Wednesday, May 12, 2010

The Quants

Math and Wall Street: two subjects I know very little about. They also happen to be the subjects of Scott Patterson’s book The Quants. The Quants follows the professional lives (and a tad of the personal sides) of math geniuses that used their knowledge to develop trading strategies on Wall Street. These strategies made the Quants (the collective name for these math whizzes) oodles of money—that is, until they led to the near collapse of the market.

Patterson, a reporter for the Wall Street journal, writes like a journalist (no surprises there), saying what happened without attaching much commentary. His writing is clear and straightforward, which is a good thing because, despite having taken Econ 101 last term, I was confused by a lot of the economic stuff. Patterson did explain various theories and processes, and I probably could have understood The Quants better if I had taken the time to think about his explanations and taken notes to reference when the theories came up again. But I didn’t. So I spent a decent amount of time not really understanding what I was reading.

Another confusing aspect of the book was keeping track of the vast number of Quants that Patterson chronicled. It was easy to mix the different men up, even though a list of “the players” was given at the beginning of the book.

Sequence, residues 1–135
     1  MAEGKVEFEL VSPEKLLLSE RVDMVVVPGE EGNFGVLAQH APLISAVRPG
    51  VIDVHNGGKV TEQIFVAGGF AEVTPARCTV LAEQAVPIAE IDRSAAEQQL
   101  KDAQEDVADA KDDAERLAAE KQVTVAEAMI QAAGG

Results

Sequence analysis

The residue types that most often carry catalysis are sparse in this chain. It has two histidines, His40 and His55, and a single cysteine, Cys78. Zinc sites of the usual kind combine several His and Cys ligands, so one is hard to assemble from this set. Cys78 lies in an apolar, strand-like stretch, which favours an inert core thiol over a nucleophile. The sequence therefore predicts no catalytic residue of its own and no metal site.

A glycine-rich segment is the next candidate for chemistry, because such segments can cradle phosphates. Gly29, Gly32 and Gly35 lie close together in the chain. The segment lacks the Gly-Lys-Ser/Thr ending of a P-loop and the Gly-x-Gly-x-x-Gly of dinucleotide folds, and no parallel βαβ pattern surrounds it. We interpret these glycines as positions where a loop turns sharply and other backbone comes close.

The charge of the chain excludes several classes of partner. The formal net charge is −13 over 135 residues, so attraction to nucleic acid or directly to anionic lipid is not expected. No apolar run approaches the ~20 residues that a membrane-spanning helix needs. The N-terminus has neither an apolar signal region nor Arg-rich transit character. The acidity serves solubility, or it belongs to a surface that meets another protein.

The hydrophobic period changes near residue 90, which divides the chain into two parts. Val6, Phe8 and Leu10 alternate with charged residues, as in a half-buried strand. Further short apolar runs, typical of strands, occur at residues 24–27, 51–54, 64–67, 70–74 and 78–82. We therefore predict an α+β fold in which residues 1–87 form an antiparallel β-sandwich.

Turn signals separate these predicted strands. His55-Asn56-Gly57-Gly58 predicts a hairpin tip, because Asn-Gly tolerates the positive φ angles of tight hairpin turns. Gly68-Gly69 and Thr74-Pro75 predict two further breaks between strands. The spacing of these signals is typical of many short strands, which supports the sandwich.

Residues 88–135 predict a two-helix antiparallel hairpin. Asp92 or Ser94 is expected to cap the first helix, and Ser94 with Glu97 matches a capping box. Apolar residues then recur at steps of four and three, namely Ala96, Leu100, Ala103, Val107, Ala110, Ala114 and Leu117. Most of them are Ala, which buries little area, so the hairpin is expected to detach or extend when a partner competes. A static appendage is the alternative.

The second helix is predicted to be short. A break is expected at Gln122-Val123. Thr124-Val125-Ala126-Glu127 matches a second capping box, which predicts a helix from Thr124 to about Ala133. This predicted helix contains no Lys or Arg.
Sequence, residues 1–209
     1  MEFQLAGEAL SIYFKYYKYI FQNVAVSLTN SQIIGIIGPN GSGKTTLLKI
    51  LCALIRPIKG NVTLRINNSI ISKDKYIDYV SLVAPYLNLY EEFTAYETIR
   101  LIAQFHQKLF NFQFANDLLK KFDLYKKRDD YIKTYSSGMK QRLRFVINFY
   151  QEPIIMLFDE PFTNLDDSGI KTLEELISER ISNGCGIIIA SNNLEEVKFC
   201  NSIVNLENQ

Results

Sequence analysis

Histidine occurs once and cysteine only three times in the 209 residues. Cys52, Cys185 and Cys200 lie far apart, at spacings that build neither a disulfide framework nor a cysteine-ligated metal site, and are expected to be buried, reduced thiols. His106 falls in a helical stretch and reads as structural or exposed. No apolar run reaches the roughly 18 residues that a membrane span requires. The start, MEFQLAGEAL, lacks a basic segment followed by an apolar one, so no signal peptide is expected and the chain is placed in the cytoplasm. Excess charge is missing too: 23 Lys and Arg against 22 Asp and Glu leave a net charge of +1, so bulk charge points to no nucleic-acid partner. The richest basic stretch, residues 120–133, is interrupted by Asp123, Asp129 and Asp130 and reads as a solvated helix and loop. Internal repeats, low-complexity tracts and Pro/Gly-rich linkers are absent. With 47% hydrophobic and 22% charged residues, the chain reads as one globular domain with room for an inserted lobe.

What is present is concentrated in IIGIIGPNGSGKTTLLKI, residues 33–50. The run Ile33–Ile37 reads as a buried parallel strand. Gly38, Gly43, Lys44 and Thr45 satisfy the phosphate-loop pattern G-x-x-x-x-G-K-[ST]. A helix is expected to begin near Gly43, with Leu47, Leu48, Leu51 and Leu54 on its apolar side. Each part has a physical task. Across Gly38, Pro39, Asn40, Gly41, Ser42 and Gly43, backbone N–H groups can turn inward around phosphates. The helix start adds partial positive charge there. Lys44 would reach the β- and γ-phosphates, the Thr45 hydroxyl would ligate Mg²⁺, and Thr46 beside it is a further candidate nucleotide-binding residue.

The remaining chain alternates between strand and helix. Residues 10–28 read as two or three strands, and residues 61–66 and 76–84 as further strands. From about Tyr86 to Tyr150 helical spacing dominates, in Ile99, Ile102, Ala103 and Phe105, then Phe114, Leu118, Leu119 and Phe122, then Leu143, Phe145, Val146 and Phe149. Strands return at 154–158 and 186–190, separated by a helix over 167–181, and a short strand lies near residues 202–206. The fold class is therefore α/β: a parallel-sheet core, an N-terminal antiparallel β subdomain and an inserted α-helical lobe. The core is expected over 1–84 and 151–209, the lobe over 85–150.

All things considered, I give The Quants a 3/5. It was a well written book, but one that sometimes bored and confused me due to my lack of prior knowledge. However, I would definitely recommend it to my econ major friends (yes, all three of you) or to anyone who wants to have more insight on how the United States got into our current economic state.

Watch Jon Stewart’s interview with Scott Patterson

Buy the Book

And now, I must share two things that don’t really belong in a review, but have to do with The Quants. First, the author shares a name with an actor. On the three days that led up to the Daily Show interview, the Daily Show’s website promoted the interview with a picture of the actor, rather than one of the author (it was fixed the day of the interview). I love to imagine the person in charge of finding a photography thinking, “Who knew that Scott Patterson of Gilmore Girls fame knew so much about the economy?

Secondly, at one point in his book, Patterson was describing the lavish wedding of one of the Quants. He used the sentence “Guests dangled from helium balloons” and did not go on to explain it. How is that possible? Don’t you want to dangle from helium balloons at every wedding you go to?

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